Earth System Modeling and Analysis
Climate modeling at Princeton University and GFDL is continually producing new models, including atmospheric, oceanic and land models, coupled models, chemistry-radiative forcing models, cloud resolving models with new microphysics, and a non-hydrostatic limited area model. These models may, in principle, be appropriately combined to give what might be called an Earth System Model, or ESM. Such models, by definition, seek to simulate all aspects — physical, chemical and biological — of the Earth system in and above the land surface and in the ocean. Thus, an Earth System Model consists of, at least:
- An atmospheric general circulation model, including a dynamical core for the fundamental fluid dynamics and water vapor, a radiation scheme, a scheme for predicting cloud amounts, a scheme for aerosols, and various parameterization schemes for boundary layer transport, convection and so forth.
- An oceanic general circulation model, including a dynamical core, various parameterization schemes for boundary layers, convection, tracer transport, and so on.
- An ice dynamics model, for the modeling and prediction of sea ice.
- An atmospheric chemistry module, for predicting chemically active constituents such as ozone.
- A land model, for land hydrology and surface type, and a land ice model.
- Biogeochemistry modules for both land and ocean. These may be used, for example, to model the carbon cycle through the system.
- A computational infra-structure to enable all these modules to communicate and work together efficiently.
The goal of Earth System Modeling development at CICS and GFDL is, then, to construct and appropriately integrate and combine the above physical and biogeochemical modules into a single, unified model. Such a model will then be used for decadal to centennial, and possibly longer, studies of climate change and variability (as described primarily in the ‘applications’ section). At present, such a model does not exist in final form, and improvements are needed in two general areas:
- Improvement on the physical side of the models, in the ocean, atmospheric, sea ice and land components.
- Further incorporation of biological and chemical effects into the model, and ecosystem modeling.
Both of these are continual processes, that can never be said to be complete, although at various stages the development of a component, or a complete model, may be ‘frozen’ to allow numerical experiments to take place in a stable environment.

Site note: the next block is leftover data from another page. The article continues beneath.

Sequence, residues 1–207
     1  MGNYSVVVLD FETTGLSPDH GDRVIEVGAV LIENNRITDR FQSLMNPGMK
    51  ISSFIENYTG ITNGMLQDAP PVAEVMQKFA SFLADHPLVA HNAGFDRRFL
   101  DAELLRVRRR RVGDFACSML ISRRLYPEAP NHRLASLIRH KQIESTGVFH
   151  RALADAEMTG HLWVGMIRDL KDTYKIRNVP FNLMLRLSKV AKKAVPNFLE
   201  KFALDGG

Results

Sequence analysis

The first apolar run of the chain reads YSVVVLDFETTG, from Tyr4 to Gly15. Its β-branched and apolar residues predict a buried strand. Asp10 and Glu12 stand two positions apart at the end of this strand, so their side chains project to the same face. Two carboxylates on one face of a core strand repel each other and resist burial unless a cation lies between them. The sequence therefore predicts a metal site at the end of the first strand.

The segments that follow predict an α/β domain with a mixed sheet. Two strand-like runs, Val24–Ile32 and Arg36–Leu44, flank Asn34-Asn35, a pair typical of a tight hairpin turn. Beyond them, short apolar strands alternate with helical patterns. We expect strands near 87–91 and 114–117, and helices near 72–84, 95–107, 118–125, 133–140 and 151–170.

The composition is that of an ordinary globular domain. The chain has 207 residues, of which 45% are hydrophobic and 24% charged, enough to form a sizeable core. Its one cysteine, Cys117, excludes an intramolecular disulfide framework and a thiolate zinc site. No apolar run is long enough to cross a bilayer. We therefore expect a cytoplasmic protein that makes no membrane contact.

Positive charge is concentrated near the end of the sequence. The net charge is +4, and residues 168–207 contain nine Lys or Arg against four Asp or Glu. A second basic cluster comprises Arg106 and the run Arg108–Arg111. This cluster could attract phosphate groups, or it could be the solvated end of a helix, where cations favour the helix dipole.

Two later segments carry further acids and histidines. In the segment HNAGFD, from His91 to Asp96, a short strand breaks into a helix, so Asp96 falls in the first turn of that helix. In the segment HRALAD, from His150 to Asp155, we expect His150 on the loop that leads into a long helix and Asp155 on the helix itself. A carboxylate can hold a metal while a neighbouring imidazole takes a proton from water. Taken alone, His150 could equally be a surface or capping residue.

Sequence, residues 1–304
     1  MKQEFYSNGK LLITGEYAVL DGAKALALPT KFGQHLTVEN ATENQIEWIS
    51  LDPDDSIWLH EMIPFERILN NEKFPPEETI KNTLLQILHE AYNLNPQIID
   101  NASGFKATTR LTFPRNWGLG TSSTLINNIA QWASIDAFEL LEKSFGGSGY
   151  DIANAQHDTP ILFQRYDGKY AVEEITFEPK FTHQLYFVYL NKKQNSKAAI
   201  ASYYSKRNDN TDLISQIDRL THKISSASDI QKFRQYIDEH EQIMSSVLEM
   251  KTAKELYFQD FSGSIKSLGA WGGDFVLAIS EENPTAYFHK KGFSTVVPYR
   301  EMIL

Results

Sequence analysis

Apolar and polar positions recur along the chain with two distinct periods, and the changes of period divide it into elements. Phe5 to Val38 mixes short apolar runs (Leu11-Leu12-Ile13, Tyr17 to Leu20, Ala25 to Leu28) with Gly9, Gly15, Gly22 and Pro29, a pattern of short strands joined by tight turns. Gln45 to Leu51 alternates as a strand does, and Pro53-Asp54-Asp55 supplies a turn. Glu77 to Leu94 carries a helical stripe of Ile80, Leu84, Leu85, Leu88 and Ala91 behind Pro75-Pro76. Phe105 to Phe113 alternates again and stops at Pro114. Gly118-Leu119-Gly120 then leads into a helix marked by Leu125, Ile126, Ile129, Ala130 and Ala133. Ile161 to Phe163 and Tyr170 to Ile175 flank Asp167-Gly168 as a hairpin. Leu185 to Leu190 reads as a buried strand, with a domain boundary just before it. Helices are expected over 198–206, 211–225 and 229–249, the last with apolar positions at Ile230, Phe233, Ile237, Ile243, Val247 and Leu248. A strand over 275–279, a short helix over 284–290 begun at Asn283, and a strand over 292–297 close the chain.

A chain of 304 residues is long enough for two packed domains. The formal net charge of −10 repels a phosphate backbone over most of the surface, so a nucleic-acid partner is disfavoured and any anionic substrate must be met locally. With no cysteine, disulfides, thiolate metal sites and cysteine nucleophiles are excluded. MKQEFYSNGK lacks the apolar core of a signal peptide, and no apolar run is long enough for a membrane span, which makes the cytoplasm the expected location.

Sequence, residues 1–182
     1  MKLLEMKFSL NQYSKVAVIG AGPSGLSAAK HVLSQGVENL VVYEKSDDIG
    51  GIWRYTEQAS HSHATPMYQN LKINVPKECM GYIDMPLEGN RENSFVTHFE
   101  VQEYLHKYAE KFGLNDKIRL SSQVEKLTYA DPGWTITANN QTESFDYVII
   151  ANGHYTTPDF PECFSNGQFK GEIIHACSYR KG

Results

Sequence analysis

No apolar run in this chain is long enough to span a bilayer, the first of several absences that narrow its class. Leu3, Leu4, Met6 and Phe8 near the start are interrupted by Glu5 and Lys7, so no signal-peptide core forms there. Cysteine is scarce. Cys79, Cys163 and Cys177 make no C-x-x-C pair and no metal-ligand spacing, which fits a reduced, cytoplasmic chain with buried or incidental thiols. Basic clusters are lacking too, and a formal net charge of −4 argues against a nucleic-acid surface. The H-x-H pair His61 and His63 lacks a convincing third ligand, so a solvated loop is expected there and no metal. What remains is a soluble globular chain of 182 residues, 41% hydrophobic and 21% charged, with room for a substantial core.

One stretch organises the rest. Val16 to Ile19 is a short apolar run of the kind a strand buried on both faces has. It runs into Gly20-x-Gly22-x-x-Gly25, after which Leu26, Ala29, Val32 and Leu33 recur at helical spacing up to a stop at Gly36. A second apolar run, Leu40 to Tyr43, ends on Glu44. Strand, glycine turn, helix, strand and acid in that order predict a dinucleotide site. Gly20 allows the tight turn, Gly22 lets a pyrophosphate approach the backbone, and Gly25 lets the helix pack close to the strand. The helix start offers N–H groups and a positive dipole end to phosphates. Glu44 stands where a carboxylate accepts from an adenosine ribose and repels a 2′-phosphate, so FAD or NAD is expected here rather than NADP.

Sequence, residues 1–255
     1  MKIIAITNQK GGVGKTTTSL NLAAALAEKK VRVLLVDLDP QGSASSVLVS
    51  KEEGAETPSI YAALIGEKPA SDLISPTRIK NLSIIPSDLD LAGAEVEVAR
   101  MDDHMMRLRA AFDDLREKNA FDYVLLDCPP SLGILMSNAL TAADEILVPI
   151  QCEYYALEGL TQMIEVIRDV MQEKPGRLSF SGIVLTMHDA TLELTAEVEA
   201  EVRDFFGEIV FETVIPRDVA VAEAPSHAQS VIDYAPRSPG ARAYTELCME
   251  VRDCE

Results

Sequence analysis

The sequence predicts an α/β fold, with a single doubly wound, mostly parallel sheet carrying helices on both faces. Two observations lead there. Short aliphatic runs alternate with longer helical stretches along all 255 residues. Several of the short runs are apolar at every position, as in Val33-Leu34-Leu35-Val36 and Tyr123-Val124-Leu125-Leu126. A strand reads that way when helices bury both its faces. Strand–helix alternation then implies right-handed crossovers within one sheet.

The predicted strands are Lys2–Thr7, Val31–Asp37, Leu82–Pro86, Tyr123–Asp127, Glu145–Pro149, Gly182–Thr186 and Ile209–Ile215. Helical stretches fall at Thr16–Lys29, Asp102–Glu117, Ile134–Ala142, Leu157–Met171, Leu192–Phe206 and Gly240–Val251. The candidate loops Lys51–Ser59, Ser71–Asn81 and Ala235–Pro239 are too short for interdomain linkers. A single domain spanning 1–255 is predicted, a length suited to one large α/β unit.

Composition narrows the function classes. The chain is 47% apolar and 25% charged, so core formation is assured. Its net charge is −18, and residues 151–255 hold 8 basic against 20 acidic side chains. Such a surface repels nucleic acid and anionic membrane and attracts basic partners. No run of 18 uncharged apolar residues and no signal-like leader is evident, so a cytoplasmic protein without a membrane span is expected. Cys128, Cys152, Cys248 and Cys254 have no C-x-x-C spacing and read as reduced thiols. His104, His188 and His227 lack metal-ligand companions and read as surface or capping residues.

Developing and testing such ESM is an enormous task, which demands a significant fraction of the resources of CICS and GFDL. Further, at any given time, model development depends on existing knowledge of how systems behave, but for that development to continue our body of knowledge and understanding must also increase correspondingly, and without that, model development would stagnate. That is to say, one might regard ESM development as both a scientific and engineering enterprise, and proper attention and respect must be paid to both aspects. The contributions and goals of CICS are divided into the following two general areas:
- Development of modules (or components) for the Earth System Model (for example, the land model, parts of the ocean model), in collaboration with GFDL scientists. Note that not all of the modules above involve CICS scientists; rather, CICS complements rather than duplicates GFDL efforts. For example, the dynamical core of the atmospheric model, the ice model, and many of the physical parameterizations of the atmospheric model, have been and will continue to be developed at GFDL itself.
- Seeking improved understanding of the behavior of components of the Earth system, and the interaction of different components, thereby aiding in the long-term development of ESMs.
These aspects involve comparisons with observations, use in idealized and realistic situations, and development of new parameterizations and modules. The development of ESMs is a research exercise, and is crucially dependent on continually obtaining a better understanding of the ocean-atmosphere-ice-land system.